It is a genuine pleasure, and privilege and honour to join you all today to mark the 80th anniversary of the Kindertransport.
I’m incredibly grateful to the Association of Jewish Refugees for hosting this really significant, really important conference and quite literally bringing us all together – including so many Kinder from across the world.
It was very special to be able to meet some of you just before this session and hear how the work continues on ensuring that we have that record of history of some of the things we have heard about this morning. And just how much that matters. It’s a mark of just how seminal the Kindertransport has been to countless lives.
There’s also another very special mention, these wonderful surroundings that we’re in this afternoon have equally made me reflect on previous events that we did at the Speaker’s house in the House of Commons, where I was among a number of MPs able to read-out some of the debate in the House of Commons that led to the Kindertransport happening.
And just to be able to read some of those words again in Parliament, to be able to remind ourselves of some the issues that were just so relevant, some of that debate, some of the tensions. But equally to underline its relevance to our politics today. Never forgetting. Always underlining that sense of challenging inequality or division or hatred.
But all that we have as a country in that regard and equally the responsibilities that we have in terms of our support for refugees and our place in the world in that regard.
So I think it’s actually quite fitting that we should meet here at Lancaster House, a place that has played such an important role in world events. Indeed, many here will recall Lancaster House as the seat of so many meetings that changed the shape of central Europe after the war.
But in turn, the Kindertransport has shaped us as a country. The United Kingdom took in nearly 10,000 predominantly Jewish children, from Germany, Austria, Czechoslovakia and Poland.
It’s something we remain very proud of, yes. But equally, we can be proud of the incredible contributions of the Kinder to the life of this country.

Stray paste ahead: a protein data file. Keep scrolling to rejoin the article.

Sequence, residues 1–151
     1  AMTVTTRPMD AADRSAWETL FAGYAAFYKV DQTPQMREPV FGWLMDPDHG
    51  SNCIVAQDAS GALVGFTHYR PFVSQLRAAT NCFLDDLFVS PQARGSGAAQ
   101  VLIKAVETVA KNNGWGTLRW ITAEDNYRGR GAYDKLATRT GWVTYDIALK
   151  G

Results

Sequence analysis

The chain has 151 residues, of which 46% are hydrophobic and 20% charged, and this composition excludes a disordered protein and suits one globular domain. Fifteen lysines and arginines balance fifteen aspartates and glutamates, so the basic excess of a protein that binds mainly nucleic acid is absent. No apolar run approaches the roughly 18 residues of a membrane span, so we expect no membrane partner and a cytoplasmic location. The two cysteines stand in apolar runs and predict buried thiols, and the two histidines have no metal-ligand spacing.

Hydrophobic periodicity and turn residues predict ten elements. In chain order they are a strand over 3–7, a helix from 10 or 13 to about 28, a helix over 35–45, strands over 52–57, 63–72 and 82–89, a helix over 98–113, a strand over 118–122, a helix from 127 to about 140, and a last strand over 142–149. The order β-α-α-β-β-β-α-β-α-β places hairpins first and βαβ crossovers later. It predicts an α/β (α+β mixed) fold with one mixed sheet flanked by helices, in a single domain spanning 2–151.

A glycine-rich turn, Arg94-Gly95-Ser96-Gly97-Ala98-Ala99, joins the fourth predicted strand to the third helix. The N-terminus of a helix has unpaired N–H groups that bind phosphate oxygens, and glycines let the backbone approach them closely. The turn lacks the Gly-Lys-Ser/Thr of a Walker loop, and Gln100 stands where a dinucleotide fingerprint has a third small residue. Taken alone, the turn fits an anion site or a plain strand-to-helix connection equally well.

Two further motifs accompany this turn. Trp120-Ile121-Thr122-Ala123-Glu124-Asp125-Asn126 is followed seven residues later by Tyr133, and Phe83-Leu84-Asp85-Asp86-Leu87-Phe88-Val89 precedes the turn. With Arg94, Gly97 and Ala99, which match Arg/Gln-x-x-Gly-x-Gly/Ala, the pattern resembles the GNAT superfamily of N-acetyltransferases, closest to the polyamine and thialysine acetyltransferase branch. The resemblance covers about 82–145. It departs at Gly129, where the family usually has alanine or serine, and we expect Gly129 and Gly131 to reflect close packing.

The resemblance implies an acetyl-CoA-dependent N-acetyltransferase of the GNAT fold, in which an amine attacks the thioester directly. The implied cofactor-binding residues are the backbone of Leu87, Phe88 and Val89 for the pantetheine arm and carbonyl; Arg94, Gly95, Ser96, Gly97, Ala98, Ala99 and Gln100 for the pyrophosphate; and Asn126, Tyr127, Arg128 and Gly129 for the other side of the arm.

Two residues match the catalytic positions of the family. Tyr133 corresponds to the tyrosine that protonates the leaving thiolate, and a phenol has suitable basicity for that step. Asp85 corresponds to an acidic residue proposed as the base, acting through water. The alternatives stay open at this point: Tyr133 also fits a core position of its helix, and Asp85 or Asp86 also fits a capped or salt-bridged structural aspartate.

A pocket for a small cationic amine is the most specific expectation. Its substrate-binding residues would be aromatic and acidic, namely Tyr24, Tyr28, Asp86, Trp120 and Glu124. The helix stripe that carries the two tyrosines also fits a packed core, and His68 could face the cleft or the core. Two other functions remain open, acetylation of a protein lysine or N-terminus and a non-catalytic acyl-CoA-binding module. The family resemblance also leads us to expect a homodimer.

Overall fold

And some of it strikes a personal chord for me. My father-in-law was not one of the Kinder, but he escaped Nazi Germany to Britain as a small child with the help of Frank Foley, the MI6 officer based in the British Embassy in Berlin, who did so much to provide the papers and facilitated so many Jewish people to leave Germany and make a better life elsewhere.
His father – my children’s great-grandfather – was interned in Buchenwald in the aftermath of Kristallnacht. Mercifully, he was reunited with his family.
But I know that so many people, including many people here, were not so lucky.
The Kindertransport is a story of great pride, yes. But it is also marked with deep sadness at every turn. It provokes painful questions. Why only children? What happened to the parents? What became of brothers, sisters, grandparents, aunts and uncles?
Sadly, we know that the Kinder were often the only surviving members of their family. It is a difficult legacy – but one that we must remember. One that we must never forget.
And the Holocaust has had a monumental impact on our country’s history, our democracy and our values. Even today, it continues to shape us: from people like me, like my family with connections to survivors and refugees, to our society at large as we continue to stand up and challenge the scourge of antisemitism.
Holocaust Memorial and Learning Centre
That is why it is right that we remember the Holocaust, that we apply the lessons of the Holocaust – and have a Memorial here in Britain.
Because the murder of the 6 million Jewish men, women and children must never be forgotten. Nor should the murders of the Roma and other victims of Nazi persecution. Nor still, the subsequent genocides across the world that have scarred the decades since.
And today, as we mark the anniversary of the liberation of Bergen-Belsen – by British troops so wholly unprepared for the horrors they found – it is important we all reflect on what they confronted there.
It is why our new Holocaust Memorial and Learning Centre, I think, will be so important for our nation.
It will be a centre for remembrance and education at the very heart of our national life. A place where future generations can learn the lessons of the past, through the powerful stories like the Kindertransport and the liberation of Bergen-Belsen.
Beacon of learning and remembrance
And I want to reassure our country’s Holocaust survivors, Kinder and refugees that this important Memorial will be delivered, because we remain determined that our country stands together against the hatred, against the ignorance and against the bigotry that led to the Holocaust and other genocides.
Victoria Tower Gardens will be an exceptional setting for this place of reflection and education, inspiring us all to stand up whenever the values we share are challenged.
Moreover, it is right that the Holocaust Memorial and Learning Centre should be next to our Houses of Parliament, at the heart of our democracy, standing as an important reminder of parliament’s power to oppress – and its duty to protect.
Which comes back to why we are here today – underlining that sense of past. Underlining that sense of the important role that we have in helping in international crisis and our response through refugees.
So, as we gather today to remember and rethink the legacy of the Kindertransport, it is my sincere hope that our Memorial will become a powerful beacon of future learning and remembrance.
Learning and remembrance which I know is at the heart of today’s events and why it is so important that we come together, that we remember, and that we apply those lessons for the future.
Thank you very much.